In India, the first demonstration-scale cellulosic ethanol plant will open this week at Indian Glycol Limited, Kashipur in Uttarakhand, with the Indian Minister of Science and Technology & Earth Sciences on hand for the ceremonies.
The technology was developed by the DBT-ICT Centre for Energy Biosciences — set up as a bioenergy dedicated Centre of Excellence in 2008 at the Institute of Chemical Technology, Mumbai by the Department of Biotechnology under the Ministry of Science and Technology. Centre officials describe the project as a significant step towards India’s three-pronged mission of ‘Make in India’, ‘Swaccha Bharat’, and ‘Start-up India’.
Progress to date
The technology, which was already run at pilot scale (1 ton per day) at the India Glycols site, will have a 750,000 litre annual alcohol capacity. The project cost $5.28 million.
According to the Centre, the technology’s competetive edge is lower capex, capability to handle any cellulosic feedstock, and high conversion efficiencies. Feedstocks include hardwood chips, cotton stalk, soft bagasse and rice straw.
The technology employs continuous processing and converts biomass feed to alcohol within 24 hours, and is scalable to 100 tons of biomass/day to as much as 500 ton/day. Accordingly, Centre officials said that the technology can find decentralized deployment in the Indian agricultural heartland.
According to the Centre, “use of surplus agricultural residues and other sources of energy or power generation can lead to partial or full replacement of petro-derived fuels with renewable fuels ensuring energy security for the country. Mandated to blend 5% green biofuels into gasoline (petrol) and diesel by its National Biofuel Policy drafted in 2009, India today has limited diesel substitutes, while barely managing to achieve about 3% bioethanol blending in gasoline.”
Where’s the feedstock in India: residues
Today, Indian researchers are pointing to “a substantial and under-utilized non-fodder surplus of agricultural wastes and other such as municipal solid wastes with the potential to fully replace petroleum fuel requirements of the country.
Specifically, researchers point to: rice straw in Punjab and Haryana; cotton and castor stalk in Gujarat and Maharashtra; bagasse and sugar cane trash in UP, Punjab, Tamilnadu and Maharashtra; palm empty fruit bunches in Andhra Pradesh; and bamboo in Assam, Bengal and Orissa. All together, the Institute of Chemical Technology estimates that more than 250 million ton of accessible, surplus agricultural residues.
With collection logistics in place, the ICT projects the “potential to produce more than 75 million ton of biofuel equivalent to more than three times entire country’s petrol consumption. More than 150 million ton of MSW already collected in large to small cities also has the potential to produce more than 40 million ton of biofuel. Thus, a 10% target should be quite achievable with these already available resources.”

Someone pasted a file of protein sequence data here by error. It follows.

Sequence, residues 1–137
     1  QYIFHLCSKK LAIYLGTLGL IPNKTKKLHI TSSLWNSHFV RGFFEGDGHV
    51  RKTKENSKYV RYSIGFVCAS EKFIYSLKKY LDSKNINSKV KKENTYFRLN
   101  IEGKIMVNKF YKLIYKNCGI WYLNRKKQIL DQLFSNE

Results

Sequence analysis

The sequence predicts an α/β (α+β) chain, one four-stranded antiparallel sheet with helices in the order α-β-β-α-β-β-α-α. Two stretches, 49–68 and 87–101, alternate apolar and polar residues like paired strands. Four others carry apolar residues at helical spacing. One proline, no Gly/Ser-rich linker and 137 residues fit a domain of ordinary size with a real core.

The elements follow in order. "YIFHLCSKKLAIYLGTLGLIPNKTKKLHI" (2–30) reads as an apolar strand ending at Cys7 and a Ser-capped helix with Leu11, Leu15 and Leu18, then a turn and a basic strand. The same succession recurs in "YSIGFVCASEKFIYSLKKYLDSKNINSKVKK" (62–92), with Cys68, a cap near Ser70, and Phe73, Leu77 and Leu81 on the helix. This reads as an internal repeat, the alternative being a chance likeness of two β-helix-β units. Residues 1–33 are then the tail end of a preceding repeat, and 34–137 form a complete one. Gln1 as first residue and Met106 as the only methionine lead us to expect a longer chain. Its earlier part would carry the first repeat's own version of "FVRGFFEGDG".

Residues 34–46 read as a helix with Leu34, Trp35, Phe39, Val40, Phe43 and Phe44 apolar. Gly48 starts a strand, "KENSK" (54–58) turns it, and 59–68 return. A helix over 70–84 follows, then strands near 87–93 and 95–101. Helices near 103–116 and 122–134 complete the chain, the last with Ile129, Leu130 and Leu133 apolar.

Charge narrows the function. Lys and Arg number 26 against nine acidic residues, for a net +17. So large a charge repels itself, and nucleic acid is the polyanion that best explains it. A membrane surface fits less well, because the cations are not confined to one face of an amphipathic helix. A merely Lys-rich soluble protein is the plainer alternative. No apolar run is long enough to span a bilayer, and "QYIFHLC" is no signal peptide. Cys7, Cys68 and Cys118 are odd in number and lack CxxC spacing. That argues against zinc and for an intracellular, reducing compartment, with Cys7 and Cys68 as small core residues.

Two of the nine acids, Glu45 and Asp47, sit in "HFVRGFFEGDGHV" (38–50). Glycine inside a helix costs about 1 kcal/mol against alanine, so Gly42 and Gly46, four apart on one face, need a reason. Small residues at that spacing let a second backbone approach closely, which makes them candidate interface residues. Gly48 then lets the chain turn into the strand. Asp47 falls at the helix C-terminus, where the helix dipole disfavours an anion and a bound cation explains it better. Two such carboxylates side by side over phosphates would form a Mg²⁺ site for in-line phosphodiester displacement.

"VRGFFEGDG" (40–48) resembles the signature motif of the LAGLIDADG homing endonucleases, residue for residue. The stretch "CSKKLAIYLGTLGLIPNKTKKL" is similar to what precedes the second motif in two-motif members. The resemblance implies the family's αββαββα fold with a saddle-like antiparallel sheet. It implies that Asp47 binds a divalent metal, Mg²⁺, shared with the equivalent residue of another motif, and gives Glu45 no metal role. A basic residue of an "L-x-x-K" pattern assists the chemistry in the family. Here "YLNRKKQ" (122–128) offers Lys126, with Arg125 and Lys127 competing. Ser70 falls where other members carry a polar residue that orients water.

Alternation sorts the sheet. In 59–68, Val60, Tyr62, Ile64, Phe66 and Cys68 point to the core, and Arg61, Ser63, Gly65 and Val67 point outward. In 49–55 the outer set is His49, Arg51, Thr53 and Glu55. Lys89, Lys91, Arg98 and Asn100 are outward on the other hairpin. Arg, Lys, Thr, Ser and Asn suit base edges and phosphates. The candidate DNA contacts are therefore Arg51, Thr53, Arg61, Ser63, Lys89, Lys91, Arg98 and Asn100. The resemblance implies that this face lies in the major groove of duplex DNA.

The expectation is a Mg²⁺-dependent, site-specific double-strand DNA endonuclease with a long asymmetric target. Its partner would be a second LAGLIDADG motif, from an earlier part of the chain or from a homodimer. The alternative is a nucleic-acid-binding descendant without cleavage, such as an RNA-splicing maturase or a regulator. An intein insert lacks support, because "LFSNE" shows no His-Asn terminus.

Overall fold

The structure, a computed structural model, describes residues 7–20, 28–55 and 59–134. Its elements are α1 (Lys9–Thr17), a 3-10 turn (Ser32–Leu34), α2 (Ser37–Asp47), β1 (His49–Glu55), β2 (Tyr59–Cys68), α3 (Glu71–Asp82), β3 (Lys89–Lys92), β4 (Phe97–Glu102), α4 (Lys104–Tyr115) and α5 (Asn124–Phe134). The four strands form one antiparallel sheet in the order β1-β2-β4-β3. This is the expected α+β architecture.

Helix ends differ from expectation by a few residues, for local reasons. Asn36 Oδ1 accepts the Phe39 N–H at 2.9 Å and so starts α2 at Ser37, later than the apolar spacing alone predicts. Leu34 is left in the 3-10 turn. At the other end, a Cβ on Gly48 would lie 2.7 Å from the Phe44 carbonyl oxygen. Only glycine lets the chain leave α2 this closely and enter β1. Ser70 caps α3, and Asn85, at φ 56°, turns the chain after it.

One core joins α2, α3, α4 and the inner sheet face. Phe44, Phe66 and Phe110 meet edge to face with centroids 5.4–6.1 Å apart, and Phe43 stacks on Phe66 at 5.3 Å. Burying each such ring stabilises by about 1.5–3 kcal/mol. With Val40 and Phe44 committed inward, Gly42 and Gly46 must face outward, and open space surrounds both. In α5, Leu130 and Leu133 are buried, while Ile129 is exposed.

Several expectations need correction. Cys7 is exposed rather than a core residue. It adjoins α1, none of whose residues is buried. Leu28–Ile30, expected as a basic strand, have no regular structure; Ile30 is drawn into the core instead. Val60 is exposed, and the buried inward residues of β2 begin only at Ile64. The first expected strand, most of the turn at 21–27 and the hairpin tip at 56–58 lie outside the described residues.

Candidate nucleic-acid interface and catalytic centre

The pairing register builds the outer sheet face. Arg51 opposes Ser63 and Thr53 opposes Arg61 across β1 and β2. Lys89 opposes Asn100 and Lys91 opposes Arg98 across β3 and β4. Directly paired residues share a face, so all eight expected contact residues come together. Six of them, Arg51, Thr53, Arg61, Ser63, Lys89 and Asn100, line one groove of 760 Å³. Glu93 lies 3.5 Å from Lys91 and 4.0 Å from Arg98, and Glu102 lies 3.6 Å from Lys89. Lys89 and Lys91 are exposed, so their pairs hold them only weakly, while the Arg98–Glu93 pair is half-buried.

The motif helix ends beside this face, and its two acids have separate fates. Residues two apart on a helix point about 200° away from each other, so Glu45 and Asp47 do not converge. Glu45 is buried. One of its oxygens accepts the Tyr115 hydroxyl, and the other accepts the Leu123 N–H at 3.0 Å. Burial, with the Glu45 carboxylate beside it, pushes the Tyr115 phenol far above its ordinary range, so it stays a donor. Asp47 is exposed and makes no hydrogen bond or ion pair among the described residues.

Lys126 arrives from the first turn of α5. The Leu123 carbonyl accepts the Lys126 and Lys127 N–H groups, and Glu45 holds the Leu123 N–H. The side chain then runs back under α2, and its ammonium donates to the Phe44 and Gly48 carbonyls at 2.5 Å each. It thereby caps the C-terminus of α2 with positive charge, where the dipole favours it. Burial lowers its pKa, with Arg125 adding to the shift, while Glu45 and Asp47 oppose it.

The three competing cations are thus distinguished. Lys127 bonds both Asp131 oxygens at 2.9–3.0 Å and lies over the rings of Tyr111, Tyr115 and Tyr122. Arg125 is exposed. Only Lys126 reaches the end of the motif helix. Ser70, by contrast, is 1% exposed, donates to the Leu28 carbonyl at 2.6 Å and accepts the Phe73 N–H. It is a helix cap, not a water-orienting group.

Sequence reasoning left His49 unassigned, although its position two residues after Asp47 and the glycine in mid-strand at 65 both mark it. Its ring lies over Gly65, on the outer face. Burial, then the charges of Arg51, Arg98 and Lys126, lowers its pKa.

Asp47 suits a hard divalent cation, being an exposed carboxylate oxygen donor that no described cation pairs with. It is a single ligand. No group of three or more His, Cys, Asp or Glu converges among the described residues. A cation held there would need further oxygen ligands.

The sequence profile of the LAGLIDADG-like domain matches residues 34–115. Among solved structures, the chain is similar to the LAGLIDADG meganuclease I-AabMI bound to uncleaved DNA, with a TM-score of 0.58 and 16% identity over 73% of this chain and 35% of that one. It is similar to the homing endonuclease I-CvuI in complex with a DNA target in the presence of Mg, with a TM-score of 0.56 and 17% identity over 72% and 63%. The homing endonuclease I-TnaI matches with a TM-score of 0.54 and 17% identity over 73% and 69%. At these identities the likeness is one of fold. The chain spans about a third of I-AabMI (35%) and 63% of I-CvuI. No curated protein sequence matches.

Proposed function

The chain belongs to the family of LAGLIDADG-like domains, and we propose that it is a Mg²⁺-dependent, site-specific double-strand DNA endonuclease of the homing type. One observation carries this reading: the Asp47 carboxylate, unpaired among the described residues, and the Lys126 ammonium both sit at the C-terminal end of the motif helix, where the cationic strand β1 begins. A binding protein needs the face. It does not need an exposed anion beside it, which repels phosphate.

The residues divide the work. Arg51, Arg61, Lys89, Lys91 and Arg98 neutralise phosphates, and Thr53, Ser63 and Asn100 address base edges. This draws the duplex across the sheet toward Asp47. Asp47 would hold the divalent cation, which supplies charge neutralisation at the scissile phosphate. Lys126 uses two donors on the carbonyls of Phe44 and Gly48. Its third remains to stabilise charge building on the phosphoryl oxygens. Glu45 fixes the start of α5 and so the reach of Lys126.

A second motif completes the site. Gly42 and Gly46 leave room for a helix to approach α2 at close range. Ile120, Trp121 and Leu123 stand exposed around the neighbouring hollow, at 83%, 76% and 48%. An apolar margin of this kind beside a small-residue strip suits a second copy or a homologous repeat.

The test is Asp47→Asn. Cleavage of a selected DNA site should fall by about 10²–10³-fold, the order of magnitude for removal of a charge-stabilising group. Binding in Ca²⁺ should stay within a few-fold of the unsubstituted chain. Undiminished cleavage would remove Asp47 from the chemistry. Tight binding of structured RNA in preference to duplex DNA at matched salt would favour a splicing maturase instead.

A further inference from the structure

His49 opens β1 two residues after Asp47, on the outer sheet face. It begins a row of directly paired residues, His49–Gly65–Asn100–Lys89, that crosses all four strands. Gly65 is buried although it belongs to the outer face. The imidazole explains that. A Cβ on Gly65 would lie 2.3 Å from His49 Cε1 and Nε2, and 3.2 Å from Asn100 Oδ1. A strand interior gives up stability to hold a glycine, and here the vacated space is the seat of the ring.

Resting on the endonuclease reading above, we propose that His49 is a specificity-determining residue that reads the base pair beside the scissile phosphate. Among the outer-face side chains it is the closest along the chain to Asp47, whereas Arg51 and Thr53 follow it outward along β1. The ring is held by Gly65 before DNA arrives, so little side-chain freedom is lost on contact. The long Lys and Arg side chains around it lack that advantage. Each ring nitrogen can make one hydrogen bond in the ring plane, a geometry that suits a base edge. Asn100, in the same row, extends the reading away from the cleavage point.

Where’s the feedstock in India: new energy crops
In addition, ICT researchers say that “with cutting edge technologies under development, biomass generation through new marine agricultural farming and use of improved marginal-land utilizing energy crops like Napier grass will add to the total biofuel generation potential of the country.”
The backstory to the launch
shortly after the United States set up its three major bioenergy research centres (JBEI, BESC, and GLBRC), the Department of Biotechnology “took a leap in 2007” with the establishment of an Indian centre of excellence for dedicated bioenergy and biofuel related research and development. The first such DBT supported bioenergy research centre was set up the Institute of Chemical Technology, Mumbai in 2008 with the express mandate to develop, translate and transfer the 2G-bioethanol technology. Today, the DBT-ICT Centre for Energy Biosciences at ICT, Mumbai comprises “a state-of-the-art facility matching the best in the world” and has more than 100 scientists working on different aspects of bioenergy and bioprocess technologies.
Addressing problems seen in other technologies
Centre officials said that “Similar technologies for production of second generation bioethanol and other advanced biofuels have been under development around the world now for over two decades. However, cellulosic biofuels contributed insignificantly at only 2 million gallons in 2015 to US fuel supply, despite years of efforts and huge funds spent by both the governments and private industry worldwide. Technologies deployed the US, Brazil and the EU to date are feedstock specific, high in capital and production costs, and require a scale in excess of 500 tons/day biomass at a site.”
By contrast, the “indigenously developed and validated 2G-Ethanol technology”, said its developers at DBT-ICT Centre is “easy to scale up, works with any agri-residue feed stocks and has superior competitiveness with unique and novel features not only for India but also for rest of the world.”
The DBT-ICT Centre, along with other Industrial partners, is already on the way to design and scale-up the technology to 100 ton/day and 250 ton/day biomass scale.